J.K. Riki

Another Time I was Wrong: “Anyone Can Make It”

I’m wrong sometimes. I’m grateful for the opportunity to live long enough to discover many instances in my life where I’ve thought about things the wrong way. Some people don’t get that chance. Others don’t take the opportunity and just go on believing they are, and have always been, right. This is often due to pride, fear, or a simple lack of knowledge.

At any rate, today I want to discuss one area where I’ve been wrong in the past, and dangerously so. It is the very American idea that anyone, regardless of how poor or unskilled, can simply use hard work and effort to escape poverty or just generally-bad situations.

It’s easy to understand why I bought into this lie and perpetuated it for so many years. It is enticing. It is encouraging. It is something I would like to believe. Plus our society and media love a good rags-to-riches story. “If they can do it, so can you!” gives us hope.

Alongside hope, though, it can give us a judgmental and elitist attitude. It can cause us to look at people who are perpetually suffering and blame them for not trying harder. It certainly did that for me.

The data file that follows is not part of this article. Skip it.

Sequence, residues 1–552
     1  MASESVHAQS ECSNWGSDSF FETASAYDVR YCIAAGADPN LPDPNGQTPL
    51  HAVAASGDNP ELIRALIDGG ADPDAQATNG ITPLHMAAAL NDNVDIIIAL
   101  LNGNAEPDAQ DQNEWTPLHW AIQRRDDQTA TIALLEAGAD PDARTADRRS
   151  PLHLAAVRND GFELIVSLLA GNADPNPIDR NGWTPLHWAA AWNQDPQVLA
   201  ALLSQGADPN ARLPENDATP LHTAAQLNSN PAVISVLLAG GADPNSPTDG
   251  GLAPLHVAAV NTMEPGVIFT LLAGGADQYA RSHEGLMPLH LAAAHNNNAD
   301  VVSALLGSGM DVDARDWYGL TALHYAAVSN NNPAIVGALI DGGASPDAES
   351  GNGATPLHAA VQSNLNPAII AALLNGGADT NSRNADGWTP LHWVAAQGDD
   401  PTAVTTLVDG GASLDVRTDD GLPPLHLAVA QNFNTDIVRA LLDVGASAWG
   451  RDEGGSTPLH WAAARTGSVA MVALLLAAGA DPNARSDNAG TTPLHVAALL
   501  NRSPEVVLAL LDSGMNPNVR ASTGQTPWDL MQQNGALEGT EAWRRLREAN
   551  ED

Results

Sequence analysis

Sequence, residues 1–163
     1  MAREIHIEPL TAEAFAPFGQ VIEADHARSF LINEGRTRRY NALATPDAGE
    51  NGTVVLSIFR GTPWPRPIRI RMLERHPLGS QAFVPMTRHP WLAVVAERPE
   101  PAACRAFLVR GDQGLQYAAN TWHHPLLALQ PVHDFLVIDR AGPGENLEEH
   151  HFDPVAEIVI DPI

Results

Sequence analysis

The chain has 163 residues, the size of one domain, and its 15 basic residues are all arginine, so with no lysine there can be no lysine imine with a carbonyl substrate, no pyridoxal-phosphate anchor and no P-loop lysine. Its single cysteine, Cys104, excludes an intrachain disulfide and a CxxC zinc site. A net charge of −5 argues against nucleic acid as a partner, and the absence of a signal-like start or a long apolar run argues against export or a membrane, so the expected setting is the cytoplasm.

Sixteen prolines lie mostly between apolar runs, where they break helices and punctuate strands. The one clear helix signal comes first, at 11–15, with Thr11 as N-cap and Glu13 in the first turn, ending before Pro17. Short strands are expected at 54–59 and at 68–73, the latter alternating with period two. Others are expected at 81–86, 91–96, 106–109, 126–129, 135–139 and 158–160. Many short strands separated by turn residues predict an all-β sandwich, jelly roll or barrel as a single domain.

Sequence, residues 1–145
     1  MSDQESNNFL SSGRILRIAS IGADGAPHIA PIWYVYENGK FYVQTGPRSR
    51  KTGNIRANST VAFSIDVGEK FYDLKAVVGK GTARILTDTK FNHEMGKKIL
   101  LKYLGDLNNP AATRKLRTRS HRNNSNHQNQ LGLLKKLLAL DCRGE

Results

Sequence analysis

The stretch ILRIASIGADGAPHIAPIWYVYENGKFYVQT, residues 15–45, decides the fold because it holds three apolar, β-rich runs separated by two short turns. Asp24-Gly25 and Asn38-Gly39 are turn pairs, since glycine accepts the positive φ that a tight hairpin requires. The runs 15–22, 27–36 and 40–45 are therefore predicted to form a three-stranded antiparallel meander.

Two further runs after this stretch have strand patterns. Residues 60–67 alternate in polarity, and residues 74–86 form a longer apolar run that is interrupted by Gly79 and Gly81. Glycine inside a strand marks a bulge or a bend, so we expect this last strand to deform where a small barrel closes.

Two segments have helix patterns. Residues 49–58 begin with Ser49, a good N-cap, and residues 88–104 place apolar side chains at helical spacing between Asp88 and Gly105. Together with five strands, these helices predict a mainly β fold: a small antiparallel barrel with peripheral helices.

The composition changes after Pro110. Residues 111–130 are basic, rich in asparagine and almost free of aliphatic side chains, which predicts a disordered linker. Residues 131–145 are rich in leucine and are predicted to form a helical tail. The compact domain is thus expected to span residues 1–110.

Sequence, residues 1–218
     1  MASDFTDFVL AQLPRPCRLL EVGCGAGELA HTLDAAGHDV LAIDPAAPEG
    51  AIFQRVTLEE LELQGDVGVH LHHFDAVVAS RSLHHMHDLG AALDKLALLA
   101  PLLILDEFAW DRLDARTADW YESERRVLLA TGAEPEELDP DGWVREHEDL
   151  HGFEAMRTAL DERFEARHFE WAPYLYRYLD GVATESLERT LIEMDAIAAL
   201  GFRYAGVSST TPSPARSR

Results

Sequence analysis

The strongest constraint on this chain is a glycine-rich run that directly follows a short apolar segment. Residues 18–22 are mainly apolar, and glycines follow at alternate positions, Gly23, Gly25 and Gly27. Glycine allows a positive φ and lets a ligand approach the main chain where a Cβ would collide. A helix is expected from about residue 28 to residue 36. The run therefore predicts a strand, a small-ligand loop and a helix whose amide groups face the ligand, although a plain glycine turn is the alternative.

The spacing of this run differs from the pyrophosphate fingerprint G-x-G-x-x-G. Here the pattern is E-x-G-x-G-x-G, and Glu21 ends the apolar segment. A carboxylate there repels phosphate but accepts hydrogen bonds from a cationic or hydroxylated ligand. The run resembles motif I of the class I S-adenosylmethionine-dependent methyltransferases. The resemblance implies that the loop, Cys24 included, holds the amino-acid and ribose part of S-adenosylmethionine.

I have recently been reading a number of books that changed my attitude on the subject, alongside personal experiences with people outside of my “normal bubble.” One such book is Evicted by Matthew Desmond, and though I am only halfway through it, I recommend it to anyone who might not have a lot of contact with those less fortunate or stuck in harsh situations. Beyond reading, you can also get yourself into volunteer opportunities to meet people in such circumstances face to face, and hopefully help them with your own two hands.

The truth is life is complicated. We desperately want it to be as simple as “work hard and you’ll make it.” If you worked hard (or even not-that-hard, but had a lot of help/luck) and made it, this nudges you towards the idea that others can do precisely what you did. Surely you aren’t special. What worked for you will work for them, right?

This is, sadly, false. Each individual’s life is unique. Your mental, physical, and even emotional capabilities are your own. Some people, even though we wish it weren’t true, can’t do what you do. That is certainly not to excuse anyone for not trying their best, but it reminds us that everyone’s best is vastly different.

Many moons ago, on a previous blog, I wrote a parable called The Lava Goat. I did this as a reminder to myself to not make claims that certain things are easy, just because they happen to be easy for me. Little did I know the parable extends far past my original intention. A variation on this story would focus less on the ease of traversing lava and more on the impossibility for some to even make the attempt.